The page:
Category Archives: Relationships

INTERMEZZO: A Big Week to Start a New Tradition

I’ve decided to make this something of a big week. It’s pretty significant for me, but I wanted to do something different this year.  I’m going to take some time off and reconnect – with people I haven’t seen in a while. Visit graves of friends and family who loomed large in my life. I think on them often, but a graveside visit has been absent for too long. I’ll be on the road on-again, off-again, bouncing around and randomly dropping in and, hopefully, surprising folks, with a number of side trips to parks and beaches to just – unstick – from the world. I’m going to miss some folks, but I’ll actually plan for this to be a new tradition the third week of March moving forward. It’s my way of giving back of myself, something I should do more often.

I’m placing personal relationships at a higher priority than they have been. Somewhere along the assembly line that life became, friendships fell to second place. Sure, professional relationships remain well maintained. But it’s not enough for me. It’s the personal contacts, the touch points, the one hundred little conversations that hold more meaning than any hundred big work conversations. I miss my friends and I’m to blame.

It’s a balance I’ve missed. It energizes and invigorates and is a necessary part of a healthier, happier life.


On the Importance of (Realistically) Knowing Your Own Worth

At what point did humility become not knowing your own worth?

This goes beyond not being able to take a compliment. Self-deprecation is all fun and well – I’m particulary good at it according to my friends. But there’s always a hint of challenge bordering on sarcasm that makes it work, I think. I’m not talking about humility either – a fair dose of humility is always a good idea. There’s always someone right around the corner waiting to kick your kettle up over your teapot, cupcake. I keep that firmly in mind.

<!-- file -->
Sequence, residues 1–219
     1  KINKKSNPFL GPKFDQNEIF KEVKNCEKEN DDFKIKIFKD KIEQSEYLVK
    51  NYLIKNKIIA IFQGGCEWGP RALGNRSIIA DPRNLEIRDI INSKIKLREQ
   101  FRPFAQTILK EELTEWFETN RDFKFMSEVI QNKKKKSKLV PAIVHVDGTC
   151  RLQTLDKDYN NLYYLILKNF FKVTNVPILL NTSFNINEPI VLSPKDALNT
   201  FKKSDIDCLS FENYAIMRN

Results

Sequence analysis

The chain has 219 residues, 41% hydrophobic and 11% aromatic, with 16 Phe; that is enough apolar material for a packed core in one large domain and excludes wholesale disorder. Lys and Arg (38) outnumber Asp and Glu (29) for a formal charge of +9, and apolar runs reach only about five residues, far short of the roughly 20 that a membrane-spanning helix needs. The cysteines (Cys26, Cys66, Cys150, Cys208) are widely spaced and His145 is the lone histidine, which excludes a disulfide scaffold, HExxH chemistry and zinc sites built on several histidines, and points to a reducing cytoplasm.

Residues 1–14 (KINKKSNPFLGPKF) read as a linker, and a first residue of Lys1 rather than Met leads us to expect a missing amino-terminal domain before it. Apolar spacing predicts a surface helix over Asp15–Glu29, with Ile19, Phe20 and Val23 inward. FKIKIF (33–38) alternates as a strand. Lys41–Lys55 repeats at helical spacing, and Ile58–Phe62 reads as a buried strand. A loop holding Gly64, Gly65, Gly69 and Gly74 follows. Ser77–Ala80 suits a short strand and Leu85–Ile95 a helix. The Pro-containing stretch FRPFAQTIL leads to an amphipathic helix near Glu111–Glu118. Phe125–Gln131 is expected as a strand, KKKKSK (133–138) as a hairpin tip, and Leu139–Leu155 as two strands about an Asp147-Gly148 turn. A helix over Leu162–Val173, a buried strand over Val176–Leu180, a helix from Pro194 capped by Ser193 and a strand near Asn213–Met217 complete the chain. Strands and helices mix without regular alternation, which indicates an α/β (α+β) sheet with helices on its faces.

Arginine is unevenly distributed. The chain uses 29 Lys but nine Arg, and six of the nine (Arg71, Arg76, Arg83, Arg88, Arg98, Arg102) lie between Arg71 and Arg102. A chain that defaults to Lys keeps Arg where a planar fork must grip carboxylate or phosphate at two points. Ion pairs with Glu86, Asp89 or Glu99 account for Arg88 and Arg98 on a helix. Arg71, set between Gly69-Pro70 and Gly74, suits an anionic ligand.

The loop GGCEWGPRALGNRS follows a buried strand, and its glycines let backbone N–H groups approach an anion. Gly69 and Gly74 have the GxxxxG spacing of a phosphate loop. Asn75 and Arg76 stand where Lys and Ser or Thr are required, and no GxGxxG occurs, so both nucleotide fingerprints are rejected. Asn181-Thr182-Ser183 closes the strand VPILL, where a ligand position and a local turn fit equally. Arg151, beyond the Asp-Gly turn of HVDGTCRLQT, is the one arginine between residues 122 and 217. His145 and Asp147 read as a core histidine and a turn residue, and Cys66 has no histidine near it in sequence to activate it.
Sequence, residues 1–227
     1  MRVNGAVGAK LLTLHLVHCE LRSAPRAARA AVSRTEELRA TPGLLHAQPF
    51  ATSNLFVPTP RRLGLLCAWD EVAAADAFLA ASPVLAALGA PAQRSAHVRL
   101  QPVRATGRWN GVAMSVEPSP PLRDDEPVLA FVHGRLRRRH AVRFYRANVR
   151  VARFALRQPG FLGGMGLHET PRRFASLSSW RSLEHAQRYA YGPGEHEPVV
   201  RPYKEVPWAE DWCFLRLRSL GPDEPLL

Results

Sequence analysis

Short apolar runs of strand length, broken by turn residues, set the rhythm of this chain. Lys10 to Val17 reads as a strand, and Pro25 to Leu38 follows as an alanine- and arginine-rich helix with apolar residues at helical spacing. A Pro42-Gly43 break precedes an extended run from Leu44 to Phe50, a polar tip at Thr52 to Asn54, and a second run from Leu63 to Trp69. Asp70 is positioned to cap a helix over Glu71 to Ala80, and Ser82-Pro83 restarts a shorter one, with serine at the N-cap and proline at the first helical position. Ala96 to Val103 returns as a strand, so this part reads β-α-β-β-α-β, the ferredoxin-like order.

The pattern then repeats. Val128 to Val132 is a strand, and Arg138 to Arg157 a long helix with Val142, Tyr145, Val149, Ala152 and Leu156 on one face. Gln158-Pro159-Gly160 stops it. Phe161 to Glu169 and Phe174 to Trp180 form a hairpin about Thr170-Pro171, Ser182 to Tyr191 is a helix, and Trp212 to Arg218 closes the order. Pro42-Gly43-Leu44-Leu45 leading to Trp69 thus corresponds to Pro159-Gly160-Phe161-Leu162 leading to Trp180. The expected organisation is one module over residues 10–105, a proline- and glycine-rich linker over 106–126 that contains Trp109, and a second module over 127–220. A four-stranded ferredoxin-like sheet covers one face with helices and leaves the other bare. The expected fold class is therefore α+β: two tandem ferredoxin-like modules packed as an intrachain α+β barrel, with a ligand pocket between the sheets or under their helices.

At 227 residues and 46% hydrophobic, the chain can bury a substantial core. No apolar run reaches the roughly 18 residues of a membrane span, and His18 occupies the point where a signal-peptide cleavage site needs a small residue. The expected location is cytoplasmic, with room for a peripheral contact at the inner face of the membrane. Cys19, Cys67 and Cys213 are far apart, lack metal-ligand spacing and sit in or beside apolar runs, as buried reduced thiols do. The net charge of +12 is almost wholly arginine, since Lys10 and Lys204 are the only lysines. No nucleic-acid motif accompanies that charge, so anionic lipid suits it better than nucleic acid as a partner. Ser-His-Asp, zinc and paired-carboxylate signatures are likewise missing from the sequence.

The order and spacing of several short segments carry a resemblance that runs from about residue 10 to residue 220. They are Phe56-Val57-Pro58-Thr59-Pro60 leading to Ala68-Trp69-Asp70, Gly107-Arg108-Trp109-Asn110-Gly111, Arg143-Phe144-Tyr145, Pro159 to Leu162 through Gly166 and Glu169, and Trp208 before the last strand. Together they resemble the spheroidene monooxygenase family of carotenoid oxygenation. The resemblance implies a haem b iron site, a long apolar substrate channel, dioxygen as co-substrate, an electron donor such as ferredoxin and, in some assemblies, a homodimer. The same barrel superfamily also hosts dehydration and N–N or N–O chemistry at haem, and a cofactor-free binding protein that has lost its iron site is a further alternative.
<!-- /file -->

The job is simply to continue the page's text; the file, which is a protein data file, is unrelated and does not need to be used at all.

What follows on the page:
What I am talking about is that you know you are worthwhile as a person just the way you are. No one ever has the right to judge you, even if they have walked a mile in your shoe, or been there done that, or any of the other countless silly amorphisms that exist to justify negative people criticizing you. No, you haven’t. Everyone lives a unique life. Sure, there are patterns to the weave, but no one sees it all. It’s not only impossible but the height of arrogant pride to think that someone can judge who you are.

Look, we’re not talking about courts and the law. You kill someone, you’re going to jail yeah. Don’t kill anyone. What we are talking about is the cess of negativity that some of us live with and keep around. Similar to my prior post on People who are Anchors, don’t stand for judgement when it does happen. Set limits. Enforce them. You deserve and are worth better.

Mr Rogers

Mr Rogers

In no way do I suggest not seeking out advice or council. Reach out to your friends, a therapist – ask for help by all means. But realize that help means a patient ear, hearing some uncomfortable truths and a heaping helpful hand extended in love, not a finger pointing in judgement. Never stand for that.

And don’t judge – you’ve never and will never earn that right.

If that’s not the truest definition of love, I don’t know what is.


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On the Importance of Cutting Away Anchors

Anchor on Shore

Anchor on Shore

Do you swim with an anchor tied around you? Snorkel? Scuba? Ok, how about running? We’ll settle on walking.

Why in heaven would you ever do any of those with an anchor dragging you down or weighing on you, always holding you back.

There are people in life who will compliment you, encourage you on and hold you accountable. They’ll hold you back when you’re about to make a rash decision, hold you close when you just need to wail a little and propel you from your shoulders when you’re trying to reach the next step. You’ll find them in all walks of life, at the oddest of times, don’t close yourself to the potential they bring.